- Thoughtful Care. Increasing amounts of people are being quarantined during this time. Having the opportunity to express care and kindness can become more challenging. One practical way in which we could express care for our quarantined friends could be to use our phones to actually call our friend. Or we could set up a video call. Hearing a friend’s voice can be hugely meaningful, especially during times of self-isolation. We could send a note of encouragement to a friend by text or video chat. While still maintaining social distancing, making a point to check in on elderly or vulnerable neighbors could be a way of letting them know that they are loved. In this time, we need to become creative in expressing embodied ways of expressing care to others while at the same time not necessarily being physically present with them.
Two years ago, I posted a blog about a 100-year-old memory regarding another flu epidemic. In light of current events, I thought an updated post might be helpful.
In the early 1990s, I helped my grandmother write her memoirs. Her name was Anita McElhannon, but her family affectionately called her Dado. Born in 1897, she would eventually live until 2001, dying at the age of 103. Listening to her tell stories of growing up in rural Georgia during the first half of the 20th century proved to be a fascinating, if not mesmerizing experience. It is still one of the highlights of my life to have helped her put into writing her most precious memories.
During one of her visits to my home, I took the opportunity to quiz her on why she named her six children Fayette, William (Bill), Hazel, Stewart, Walter, and Vera. It was during that discussion that I learned something of extraordinary significance…
She had almost died in 1918.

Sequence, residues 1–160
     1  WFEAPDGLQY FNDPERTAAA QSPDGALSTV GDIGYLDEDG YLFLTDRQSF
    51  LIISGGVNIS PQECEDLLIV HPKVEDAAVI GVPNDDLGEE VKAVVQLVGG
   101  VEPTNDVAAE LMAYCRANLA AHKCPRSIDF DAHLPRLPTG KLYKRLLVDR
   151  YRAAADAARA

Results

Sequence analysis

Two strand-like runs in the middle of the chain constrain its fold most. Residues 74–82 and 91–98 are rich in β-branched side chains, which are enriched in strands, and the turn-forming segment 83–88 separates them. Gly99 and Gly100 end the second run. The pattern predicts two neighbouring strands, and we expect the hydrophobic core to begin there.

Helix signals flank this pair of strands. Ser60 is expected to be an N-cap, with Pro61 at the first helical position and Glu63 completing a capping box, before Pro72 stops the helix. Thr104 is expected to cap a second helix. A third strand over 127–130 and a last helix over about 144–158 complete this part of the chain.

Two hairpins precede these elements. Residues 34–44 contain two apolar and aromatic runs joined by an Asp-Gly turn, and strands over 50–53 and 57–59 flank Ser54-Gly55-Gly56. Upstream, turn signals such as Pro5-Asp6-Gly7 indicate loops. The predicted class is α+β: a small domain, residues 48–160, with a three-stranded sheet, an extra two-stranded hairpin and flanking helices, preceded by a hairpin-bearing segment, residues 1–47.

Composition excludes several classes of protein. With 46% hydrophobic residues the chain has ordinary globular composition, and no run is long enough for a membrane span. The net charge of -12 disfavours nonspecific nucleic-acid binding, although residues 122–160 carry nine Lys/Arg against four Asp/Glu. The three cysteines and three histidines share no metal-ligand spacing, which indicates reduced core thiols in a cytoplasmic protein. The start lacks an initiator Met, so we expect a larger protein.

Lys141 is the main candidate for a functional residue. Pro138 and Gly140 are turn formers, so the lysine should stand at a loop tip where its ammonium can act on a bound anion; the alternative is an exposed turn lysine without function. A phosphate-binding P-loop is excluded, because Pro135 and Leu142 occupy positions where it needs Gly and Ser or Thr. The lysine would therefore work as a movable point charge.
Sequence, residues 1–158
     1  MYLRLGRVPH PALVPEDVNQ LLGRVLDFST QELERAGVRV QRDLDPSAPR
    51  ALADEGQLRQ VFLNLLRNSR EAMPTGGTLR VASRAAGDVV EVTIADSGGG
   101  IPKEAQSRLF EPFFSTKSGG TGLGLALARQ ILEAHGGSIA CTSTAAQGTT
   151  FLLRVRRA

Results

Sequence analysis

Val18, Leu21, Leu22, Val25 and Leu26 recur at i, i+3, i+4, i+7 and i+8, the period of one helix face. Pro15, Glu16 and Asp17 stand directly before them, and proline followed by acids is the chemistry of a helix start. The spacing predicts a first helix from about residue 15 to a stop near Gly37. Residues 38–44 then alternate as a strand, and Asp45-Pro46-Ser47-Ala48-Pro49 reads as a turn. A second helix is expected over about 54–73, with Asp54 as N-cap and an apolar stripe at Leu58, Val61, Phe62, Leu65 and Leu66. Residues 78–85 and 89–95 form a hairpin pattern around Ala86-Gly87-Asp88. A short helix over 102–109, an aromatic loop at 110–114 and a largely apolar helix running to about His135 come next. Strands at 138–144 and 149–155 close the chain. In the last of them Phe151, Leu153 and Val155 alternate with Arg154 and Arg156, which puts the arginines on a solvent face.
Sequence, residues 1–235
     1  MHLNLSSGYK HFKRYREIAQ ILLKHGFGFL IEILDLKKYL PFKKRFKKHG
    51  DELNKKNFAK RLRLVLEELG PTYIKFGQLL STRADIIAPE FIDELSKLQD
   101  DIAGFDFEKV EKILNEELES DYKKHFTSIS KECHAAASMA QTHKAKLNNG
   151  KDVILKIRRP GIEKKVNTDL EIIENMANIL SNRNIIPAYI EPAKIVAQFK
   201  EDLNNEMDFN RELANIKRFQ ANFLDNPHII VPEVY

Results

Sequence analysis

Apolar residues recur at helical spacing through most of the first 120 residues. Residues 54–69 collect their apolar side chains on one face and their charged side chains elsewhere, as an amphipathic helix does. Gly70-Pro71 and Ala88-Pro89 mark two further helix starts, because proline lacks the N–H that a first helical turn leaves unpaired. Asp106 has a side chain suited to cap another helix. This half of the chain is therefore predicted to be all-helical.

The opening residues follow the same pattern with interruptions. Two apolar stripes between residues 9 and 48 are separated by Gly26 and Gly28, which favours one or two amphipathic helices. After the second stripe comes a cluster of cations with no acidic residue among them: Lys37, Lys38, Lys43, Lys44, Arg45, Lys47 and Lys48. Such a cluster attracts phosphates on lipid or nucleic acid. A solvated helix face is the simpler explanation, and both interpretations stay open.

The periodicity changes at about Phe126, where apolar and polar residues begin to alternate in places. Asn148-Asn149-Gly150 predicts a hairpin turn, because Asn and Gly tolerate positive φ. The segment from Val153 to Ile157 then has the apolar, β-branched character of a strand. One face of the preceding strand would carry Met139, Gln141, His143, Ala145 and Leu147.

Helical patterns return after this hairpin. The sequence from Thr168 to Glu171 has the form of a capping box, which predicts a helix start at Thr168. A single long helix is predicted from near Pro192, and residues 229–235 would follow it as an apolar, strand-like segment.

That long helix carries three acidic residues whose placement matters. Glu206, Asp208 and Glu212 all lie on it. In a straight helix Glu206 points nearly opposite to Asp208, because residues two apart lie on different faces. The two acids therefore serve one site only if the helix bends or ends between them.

She had given birth to my Uncle Fayette in 1917 and was pregnant with my Uncle Bill in the Fall of 1918. During our discussion, she made an off-hand comment that her doctor was quite surprised she had survived the pregnancy. Responding to my question about the meaning of the doctor’s comment, she explained: “I caught the flu, and my doctor told me I was the only pregnant woman in Winder that caught the flu and survived.”
There was something about how she said it that triggered a thought in my mind. I pondered her words. The flu. 1918. Could that have been the Spanish Flu epidemic of 1918? That’s when I excused myself and did some research. Starting in France sometime in 1917, the Spanish Flu spread worldwide, eventually killing 3% to 6% of the world’s population. Most of Europe was embroiled in World War I at the time, and wartime censors limited news reports about the illness to maintain morale. Ironically, neutral Spain fully reported the impact of the flu resulting in it being tagged with its nickname, the Spanish Flu. Hitting the United States in the summer of 1918, this pandemic would kill 675,000 Americans over the following year. Many consider it the worst medical/health crisis in history.
Let’s pray that it alone retains that distinction.
This was the flu my grandmother caught. She survived and lived to give birth to five more children, one of whom was my father, Stewart. I must say, hearing her recount that story was sobering. And recalling her story today is a reminder of the potential threat a pandemic poses.
If there is one practical piece of advice, I have consistently heard these past few weeks it is to wash your hands – frequently. Might I suggest that we don’t just wash them, but fold them in prayer – frequently.
Let us err on the side of caution, then, hopefully, we will live long enough to share our life stories with our grandchildren.
“Do not be anxious about anything, but in every situation, by prayer and petition, with thanksgiving, present your requests to God. And the peace of God, which transcends all understanding, will guard your hearts and your minds in Christ Jesus.” Philippians 4:6-7